Astronomers have discovered next to Milky Way galaxy-"Ghost"

Mindy Sparks
November 17, 2018

Researchers from Universidad de Zaragoza, King's College London and the Institute of Astronomy in the United Kingdom have been studying a stellar stream left behind by a dwarf spheroidal galaxy that was devoured by the Milky Way aeons ago. In a paper presented at the online library of preprints arXiv.orgscientists describe 2 Antlia (Ant 2) as a small galaxy,"Ghost", unique among about 60 companions of the milky Way.

Astronomers have calculated dark matter due to its gravitational effects on the known matter and believe that it is the gravitational glue that holds galaxies together. This faint galaxy was found hiding in the region behind the Milky Way's disc - probably the reason why it could not be spotted by astronomers up until now.

The Large Magellanic Cloud, the Milky Way Galaxy and Antlia 2 (from left to right).

"The satellite was identified using a combination of astrometry, photometry and variability data from Gaia Data Release 2, and its nature confirmed with deep archival DECam imaging, which revealed a conspicuous BHB [blue horizontal branch] signal in agreement with distance obtained from Gaia RR Lyrae", the study says. Still, while the galaxy does have the expected RR Lyrae, it's enormous size and low mass remain puzzling.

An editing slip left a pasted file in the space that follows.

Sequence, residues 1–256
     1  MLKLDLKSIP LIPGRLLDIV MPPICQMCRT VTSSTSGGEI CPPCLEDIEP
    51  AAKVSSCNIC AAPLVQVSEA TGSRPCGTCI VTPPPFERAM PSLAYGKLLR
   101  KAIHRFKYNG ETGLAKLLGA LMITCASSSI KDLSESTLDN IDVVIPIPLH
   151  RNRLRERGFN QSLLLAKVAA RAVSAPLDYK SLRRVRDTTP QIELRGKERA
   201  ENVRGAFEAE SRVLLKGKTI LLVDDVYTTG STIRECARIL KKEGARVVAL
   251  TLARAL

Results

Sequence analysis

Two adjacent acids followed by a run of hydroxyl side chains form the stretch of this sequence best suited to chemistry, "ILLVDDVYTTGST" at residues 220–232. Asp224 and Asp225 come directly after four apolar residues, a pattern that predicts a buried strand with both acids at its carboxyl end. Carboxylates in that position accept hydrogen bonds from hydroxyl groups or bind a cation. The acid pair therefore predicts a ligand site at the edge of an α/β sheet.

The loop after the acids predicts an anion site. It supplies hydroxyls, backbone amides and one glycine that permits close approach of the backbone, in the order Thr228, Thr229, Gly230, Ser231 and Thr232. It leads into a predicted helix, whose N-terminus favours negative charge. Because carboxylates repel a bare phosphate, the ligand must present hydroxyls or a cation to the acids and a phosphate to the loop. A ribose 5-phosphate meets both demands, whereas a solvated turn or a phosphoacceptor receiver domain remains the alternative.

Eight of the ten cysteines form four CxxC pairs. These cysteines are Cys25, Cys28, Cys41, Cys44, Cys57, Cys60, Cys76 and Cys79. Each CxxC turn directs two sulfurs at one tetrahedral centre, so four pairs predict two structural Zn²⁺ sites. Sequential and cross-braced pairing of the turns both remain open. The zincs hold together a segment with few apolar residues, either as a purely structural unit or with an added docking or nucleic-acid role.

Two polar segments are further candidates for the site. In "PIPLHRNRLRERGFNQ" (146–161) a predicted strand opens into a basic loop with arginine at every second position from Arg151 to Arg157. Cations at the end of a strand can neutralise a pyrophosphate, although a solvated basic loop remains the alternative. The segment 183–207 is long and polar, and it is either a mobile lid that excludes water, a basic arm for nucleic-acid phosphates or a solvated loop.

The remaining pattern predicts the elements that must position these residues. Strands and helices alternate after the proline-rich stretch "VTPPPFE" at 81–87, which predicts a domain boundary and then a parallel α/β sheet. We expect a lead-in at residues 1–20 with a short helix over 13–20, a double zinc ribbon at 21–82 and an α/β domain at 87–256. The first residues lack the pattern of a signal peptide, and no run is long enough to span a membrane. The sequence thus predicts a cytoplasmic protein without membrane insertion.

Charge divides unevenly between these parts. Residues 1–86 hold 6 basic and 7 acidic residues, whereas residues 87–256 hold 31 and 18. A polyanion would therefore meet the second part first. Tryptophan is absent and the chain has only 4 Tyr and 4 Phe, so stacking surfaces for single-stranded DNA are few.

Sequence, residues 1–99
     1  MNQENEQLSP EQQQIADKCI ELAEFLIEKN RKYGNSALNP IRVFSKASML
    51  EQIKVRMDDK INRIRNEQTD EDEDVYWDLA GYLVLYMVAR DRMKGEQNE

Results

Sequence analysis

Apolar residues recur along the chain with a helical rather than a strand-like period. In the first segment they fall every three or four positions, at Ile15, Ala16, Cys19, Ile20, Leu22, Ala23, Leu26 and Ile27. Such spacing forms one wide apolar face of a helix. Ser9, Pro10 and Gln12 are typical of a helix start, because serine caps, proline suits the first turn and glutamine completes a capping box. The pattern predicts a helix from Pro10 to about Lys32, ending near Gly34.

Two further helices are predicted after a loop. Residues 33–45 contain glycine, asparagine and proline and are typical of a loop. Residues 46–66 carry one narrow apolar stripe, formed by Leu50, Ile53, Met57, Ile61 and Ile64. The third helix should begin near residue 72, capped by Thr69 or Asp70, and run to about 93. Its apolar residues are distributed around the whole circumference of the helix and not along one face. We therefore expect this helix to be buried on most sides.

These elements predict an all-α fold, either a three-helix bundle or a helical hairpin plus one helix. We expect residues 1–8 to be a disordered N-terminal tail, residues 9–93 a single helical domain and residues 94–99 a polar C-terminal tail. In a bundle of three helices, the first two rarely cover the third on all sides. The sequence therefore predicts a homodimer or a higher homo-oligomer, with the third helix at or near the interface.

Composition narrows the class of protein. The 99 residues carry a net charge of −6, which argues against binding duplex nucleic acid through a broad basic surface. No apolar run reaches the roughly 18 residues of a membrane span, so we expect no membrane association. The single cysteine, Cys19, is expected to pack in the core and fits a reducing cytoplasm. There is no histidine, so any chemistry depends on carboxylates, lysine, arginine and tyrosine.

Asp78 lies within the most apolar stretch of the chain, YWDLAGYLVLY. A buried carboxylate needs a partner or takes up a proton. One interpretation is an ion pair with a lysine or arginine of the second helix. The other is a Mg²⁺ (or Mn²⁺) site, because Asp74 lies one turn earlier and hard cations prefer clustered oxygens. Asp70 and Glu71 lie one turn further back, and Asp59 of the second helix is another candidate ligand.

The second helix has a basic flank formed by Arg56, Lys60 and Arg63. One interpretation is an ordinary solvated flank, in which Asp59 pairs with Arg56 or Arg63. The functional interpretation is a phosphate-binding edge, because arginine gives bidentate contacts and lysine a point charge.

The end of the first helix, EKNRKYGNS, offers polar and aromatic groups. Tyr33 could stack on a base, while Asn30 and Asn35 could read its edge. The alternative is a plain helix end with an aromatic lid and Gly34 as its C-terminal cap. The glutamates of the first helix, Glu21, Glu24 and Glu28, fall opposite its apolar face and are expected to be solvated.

Working quickly, the team measured the spectra of more than 100 red giant stars-just before Earth's orbit around the Sun rendered Ant 2 unobservable for months.

The observations made were enough to confirm that Ant 2 is real and that it never comes closer to the Milky Way than 130,000 light-years.


However, the team is yet to figure out the exact process that made Ant 2 so extended.

In March, a separate team of astronomers found the galaxy NGC 1052-DF2 that is missing most of its dark matter that challenges currently-accepted theories of galaxy formation and seeks scientists to re-look at the nature of planet formation as well as the studies on the dark matter. However, this does not explain its impressive size. "Normally, as galaxies lose mass to the Milky Way's tides, they shrink, not grow", Koposov said.

Dr Matthew Walker, from Carnegie Mellon University, added: "We are wondering whether this galaxy is just the tip of an iceberg, and the Milky Way is surrounded by a large population of almost invisible dwarfs similar to this one". The team continues to search through the Gaia data for other "ghost" galaxies like Ant 2 to hopefully answer such questions about galaxies like this.

Alternatively, Ant 2's low density could mean that a modification to the dark matter properties is needed.

But O'Hare and his colleagues calculated the affect of the S1 stream in our part of the galaxy and predicted possible signatures of the dark matter, which could help inform and support efforts to locate and study the elusive substance. "We are wondering whether this galaxy is just the tip of an iceberg, and the Milky Way is surrounded by a large population of almost invisible dwarfs similar to this one". As structures emerged in the early Universe, dwarfs were the first galaxies to form, and so most of their stars are now old, relatively low in terms of their mass, and poor in metals.

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